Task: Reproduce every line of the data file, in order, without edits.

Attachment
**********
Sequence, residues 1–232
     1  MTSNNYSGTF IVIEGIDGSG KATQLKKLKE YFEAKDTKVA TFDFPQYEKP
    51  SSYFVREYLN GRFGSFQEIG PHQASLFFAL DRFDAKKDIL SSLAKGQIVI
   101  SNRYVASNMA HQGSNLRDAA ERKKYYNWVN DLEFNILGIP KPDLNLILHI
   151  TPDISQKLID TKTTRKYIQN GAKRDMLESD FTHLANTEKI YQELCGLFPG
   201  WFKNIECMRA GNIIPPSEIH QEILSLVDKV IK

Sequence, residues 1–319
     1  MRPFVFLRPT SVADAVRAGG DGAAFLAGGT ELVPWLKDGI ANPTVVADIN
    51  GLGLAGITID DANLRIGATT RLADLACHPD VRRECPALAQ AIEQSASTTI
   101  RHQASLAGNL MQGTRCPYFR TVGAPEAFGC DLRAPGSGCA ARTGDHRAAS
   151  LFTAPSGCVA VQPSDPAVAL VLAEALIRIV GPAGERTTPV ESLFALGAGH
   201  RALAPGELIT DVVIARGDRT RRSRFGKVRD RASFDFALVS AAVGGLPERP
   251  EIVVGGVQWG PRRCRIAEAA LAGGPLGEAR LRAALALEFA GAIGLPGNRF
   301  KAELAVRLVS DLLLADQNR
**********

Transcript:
Sequence, residues 1–232
     1  MTSNNYSGTF IVIEGIDGSG KATQLKKLKE YFEAKDTKVA TFDFPQYEKP
    51  SSYFVREYLN GRFGSFQEIG PHQASLFFAL DRFDAKKDIL SSLAKGQIVI
   101  SNRYVASNMA HQGSNLRDAA ERKKYYNWVN DLEFNILGIP KPDLNLILHI
   151  TPDISQKLID TKTTRKYIQN GAKRDMLESD FTHLANTEKI YQELCGLFPG
   201  WFKNIECMRA GNIIPPSEIH QEILSLVDKV IK

Sequence, residues 1–319
     1  MRPFVFLRPT SVADAVRAGG DGAAFLAGGT ELVPWLKDGI ANPTVVADIN
    51  GLGLAGITID DANLRIGATT RLADLACHPD VRRECPALAQ AIEQSASTTI
   101  RHQASLAGNL MQGTRCPYFR TVGAPEAFGC DLRAPGSGCA ARTGDHRAAS
   151  LFTAPSGCVA VQPSDPAVAL VLAEALIRIV GPAGERTTPV ESLFALGAGH
   201  RALAPGELIT DVVIARGDRT RRSRFGKVRD RASFDFALVS AAVGGLPERP
   251  EIVVGGVQWG PRRCRIAEAA LAGGPLGEAR LRAALALEFA GAIGLPGNRF
   301  KAELAVRLVS DLLLADQNR